In the past, it wasn’t so simple to find a way to quickly detect hydration levels. Most of the time going off of urine color was the route people went. Most of the time if you’re already thirsty, you’re passed the mark for dehydration. Now, thanks to wearable technology, athletes are able to detect skin hydration levels almost instantaneously.
Now more than ever, it is becoming increasingly easier for athletes to track biometric values to help increase their training and recovery. Tools that allow athletes and coaches to analyze heart rate, hydration, and other essential biometrics can help ensure that each individual is benefiting from training as well as recovering to ensure optimal success. Making sure that all of the details are being closely monitored can set individuals on the path to success.
You spend all of your time working hard to achieve your goals, don’t let the small things get in the way!
Counting steps is all the rage as advances in wearable tech intersect with calls to increase physical activity. Even folk who rarely see the inside of a gym are circling the block once last time before bed to reach the magic number. But is the number of steps the best measure of fitness? What other metrics should we be looking at? And are all steps the same?
Credit for the concept of pedometers has been given to Leonardo Da VInci, Thomas Jefferson and others. The parent of Biostrap and other modern accelerometers was the digital display, spring-levered pedometers which emerged in 1995. Steps, for the first time, could be used to measure ambulatory physical activity with reasonable medical accuracy. Today’s researchers and clinicians use accelerometry as the foremost measure of physical activity and sedentary behavior.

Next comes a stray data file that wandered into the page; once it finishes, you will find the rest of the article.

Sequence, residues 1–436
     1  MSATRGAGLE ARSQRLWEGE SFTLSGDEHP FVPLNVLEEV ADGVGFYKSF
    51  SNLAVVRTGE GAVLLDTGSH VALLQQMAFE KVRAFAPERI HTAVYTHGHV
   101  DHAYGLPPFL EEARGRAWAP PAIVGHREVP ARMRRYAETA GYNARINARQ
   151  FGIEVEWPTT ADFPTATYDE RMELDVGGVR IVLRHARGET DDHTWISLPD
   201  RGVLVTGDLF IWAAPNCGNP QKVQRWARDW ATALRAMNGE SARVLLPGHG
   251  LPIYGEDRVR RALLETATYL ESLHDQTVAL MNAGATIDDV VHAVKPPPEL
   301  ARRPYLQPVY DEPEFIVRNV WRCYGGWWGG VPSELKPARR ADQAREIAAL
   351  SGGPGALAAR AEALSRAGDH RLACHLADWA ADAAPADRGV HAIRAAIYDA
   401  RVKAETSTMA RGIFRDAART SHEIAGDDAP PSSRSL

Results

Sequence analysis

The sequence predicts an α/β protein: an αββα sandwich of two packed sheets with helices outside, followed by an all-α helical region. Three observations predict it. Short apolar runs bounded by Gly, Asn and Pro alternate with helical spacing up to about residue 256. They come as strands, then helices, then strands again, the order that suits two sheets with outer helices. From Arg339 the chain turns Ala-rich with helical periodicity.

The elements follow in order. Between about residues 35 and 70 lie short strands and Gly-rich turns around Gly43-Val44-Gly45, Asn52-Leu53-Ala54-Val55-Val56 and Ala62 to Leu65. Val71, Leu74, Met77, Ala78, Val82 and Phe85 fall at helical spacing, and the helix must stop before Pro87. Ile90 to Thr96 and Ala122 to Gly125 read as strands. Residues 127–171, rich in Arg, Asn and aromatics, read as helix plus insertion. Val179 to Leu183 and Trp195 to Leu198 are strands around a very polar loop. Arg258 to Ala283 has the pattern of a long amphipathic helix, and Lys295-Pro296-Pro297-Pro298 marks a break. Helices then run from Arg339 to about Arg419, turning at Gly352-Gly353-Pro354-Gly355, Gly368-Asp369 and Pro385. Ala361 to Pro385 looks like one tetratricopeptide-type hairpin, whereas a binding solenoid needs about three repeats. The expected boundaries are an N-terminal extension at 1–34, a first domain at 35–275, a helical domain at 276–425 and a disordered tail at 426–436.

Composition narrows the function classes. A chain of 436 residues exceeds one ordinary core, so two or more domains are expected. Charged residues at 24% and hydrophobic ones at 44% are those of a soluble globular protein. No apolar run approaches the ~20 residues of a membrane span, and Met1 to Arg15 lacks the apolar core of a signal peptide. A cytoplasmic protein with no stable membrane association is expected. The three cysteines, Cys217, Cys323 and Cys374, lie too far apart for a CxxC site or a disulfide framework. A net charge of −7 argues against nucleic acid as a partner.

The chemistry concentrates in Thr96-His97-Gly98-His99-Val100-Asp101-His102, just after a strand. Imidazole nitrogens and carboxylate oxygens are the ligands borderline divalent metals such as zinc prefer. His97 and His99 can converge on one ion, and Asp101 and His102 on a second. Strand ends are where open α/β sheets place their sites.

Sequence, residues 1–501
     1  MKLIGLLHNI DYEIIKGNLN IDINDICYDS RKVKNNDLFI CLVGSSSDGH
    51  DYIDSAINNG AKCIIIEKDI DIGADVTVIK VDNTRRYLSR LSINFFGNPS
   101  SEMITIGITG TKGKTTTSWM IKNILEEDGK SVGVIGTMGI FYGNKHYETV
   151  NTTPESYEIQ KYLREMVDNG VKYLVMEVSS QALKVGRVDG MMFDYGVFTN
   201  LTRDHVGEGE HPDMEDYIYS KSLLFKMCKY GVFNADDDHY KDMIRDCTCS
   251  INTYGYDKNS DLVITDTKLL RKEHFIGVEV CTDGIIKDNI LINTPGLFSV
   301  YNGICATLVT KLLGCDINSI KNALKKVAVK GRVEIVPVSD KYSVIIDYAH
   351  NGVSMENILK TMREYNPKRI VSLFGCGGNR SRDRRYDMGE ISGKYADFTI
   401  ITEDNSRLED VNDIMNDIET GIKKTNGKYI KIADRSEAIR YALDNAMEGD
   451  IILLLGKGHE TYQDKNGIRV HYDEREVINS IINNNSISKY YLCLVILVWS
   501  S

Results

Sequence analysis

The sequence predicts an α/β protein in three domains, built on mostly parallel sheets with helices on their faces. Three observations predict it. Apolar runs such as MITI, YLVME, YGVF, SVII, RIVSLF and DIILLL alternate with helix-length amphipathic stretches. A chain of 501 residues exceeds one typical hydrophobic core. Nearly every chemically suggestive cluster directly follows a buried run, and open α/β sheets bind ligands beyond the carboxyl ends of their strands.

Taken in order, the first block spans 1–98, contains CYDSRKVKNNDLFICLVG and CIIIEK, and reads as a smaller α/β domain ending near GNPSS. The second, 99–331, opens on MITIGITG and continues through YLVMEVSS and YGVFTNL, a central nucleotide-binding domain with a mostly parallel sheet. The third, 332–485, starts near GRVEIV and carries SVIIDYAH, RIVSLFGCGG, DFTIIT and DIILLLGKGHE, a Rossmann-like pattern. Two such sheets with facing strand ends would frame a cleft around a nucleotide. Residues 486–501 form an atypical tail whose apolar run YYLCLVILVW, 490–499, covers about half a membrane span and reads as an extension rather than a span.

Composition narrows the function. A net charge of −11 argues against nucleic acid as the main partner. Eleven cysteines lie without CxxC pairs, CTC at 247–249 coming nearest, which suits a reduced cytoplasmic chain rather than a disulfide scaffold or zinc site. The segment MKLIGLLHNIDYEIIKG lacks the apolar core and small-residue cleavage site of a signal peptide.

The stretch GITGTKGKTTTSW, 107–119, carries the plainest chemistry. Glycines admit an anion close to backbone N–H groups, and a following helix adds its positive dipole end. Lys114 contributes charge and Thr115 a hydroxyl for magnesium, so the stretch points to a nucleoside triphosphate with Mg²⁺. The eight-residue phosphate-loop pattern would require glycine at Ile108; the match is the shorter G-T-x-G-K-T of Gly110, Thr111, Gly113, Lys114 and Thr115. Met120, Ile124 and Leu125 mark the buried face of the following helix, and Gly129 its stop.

Why do we measure steps? Because physical activity is the number one health factor within our control. And what gets measured, gets done.
In 1953 doctors discovered the link between physical activity, cardiac disease, and mortality. The London Transport Workers Study compared the health records of bus conductors (ticket takers) who constantly moved up and down the bus steps, with the more sedentary bus drivers. A striking contrast emerged. The increased physical activity was directly linked to less heart attacks and reduced mortality. Exercise, it seemed, had a protective effect on heart health.
Medica research continues to amplify this finding. Just this year a study of healthy non-smoking Glasgow postal workers connected time spent sitting with significantly higher coronary heart disease and waist circumference.
“Walking is the simplest form of exercise,” per Harvard Medical School, “and using a pedometer is a good way to get yourself to do it.” The Journal of the American Medical Association reports that step counters walk 2,000 more steps a day and increase overall physical activity by 27%. Other longitudinal interventions have helped inactive people increase steps by 2500 per day.
Regained Wellness. “10,000 steps is roughly the amount it takes to lose 1 pound a week. A pound of fat contains 3500 calories and to burn 500 calories it requires around 10,000 steps. Over the course of the week taking that many steps a day burns 3500 calories or one pound of fat. That’s in the healthy range.”
A sedentary lifestyle is hazardous to your health. Many of us remain sedentary at work and rest. SItting at a desk. Watching TV on the couch.New evidence indicates that decreasing sedentary behavior is just as important as increasing physical activity.
“Too much time sitting,” says Logie, “is linked to decreased mineral bone density and excessive weight. Excessive sitting also decreases an enzyme called lipoprotein lipase or LPL. LPL can help burn fat. When you sit for 2 hours or longer you essentially turn it off.”